However, Riksbank vice director Barbro Wickman-Parak sees growing household debt as a problem.
“But this is a difficult matter. One cannot exclude that there is a certain overvaluation that may be due to some over-optimism in terms of the continuing development of interest rates,” she said at a hearing on the development of the housing market by Sweden’s parliament’s, the Riksdag’s, finance committee.
Wickman-Parak said that the growth in Swedish household debt was alarming. Borrowing is increasing by 8 percent per year, which is unsustainable at current levels.
“We have a debt ratio that we have not seen anything equivalent to,” she said.
Wickman-Parak added that it is difficult to tackle the developments in the market simply by sticking to the inflation target. However, interest rates must be raised to meet the inflation target, as well as to dampen household borrowing.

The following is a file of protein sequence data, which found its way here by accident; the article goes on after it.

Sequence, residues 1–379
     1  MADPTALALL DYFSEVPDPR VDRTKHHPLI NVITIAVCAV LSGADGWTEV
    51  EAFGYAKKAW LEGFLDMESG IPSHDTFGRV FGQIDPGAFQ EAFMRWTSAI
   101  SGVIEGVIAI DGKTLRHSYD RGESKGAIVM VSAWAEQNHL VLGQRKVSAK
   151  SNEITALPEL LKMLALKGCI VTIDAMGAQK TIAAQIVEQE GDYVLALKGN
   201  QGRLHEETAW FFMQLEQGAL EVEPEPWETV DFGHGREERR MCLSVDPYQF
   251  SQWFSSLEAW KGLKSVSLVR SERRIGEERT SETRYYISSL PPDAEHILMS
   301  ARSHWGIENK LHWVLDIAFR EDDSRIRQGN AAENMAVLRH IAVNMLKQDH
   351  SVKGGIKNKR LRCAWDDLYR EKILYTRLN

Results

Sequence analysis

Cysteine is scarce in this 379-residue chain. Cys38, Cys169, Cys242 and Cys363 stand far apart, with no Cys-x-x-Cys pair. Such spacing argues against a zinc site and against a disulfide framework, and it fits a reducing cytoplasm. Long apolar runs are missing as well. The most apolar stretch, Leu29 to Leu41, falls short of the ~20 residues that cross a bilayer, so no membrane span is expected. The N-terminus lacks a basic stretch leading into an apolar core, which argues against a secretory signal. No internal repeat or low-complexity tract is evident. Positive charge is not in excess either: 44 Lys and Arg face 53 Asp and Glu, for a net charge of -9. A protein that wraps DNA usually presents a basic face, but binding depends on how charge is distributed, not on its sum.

Despite the warnings, Financial Markets Minister Peter Norman sees no immediate threat of a bubble developing in the housing market.
“There is no immediate threat to financial stability, but we are concerned that the threat could extend in the future,” he said.
Norman singled out the housing market, household debt and bank expansion as three worrying factors.
According to Norman, there are several measures that the government can resort to if it becomes necessary, but there is no need for them so far. Without specifying what could be done in the first place, Norman suggested several possibilities.
They include reducing the opportunities for the deduction of interest expenses, abolishing interest deductions for consumer credit, amortisation requirements, changes in capital coverage requirements for banks and stamp duty.
“There are a large number of tools and the government is largely prepared to intervene,” he said.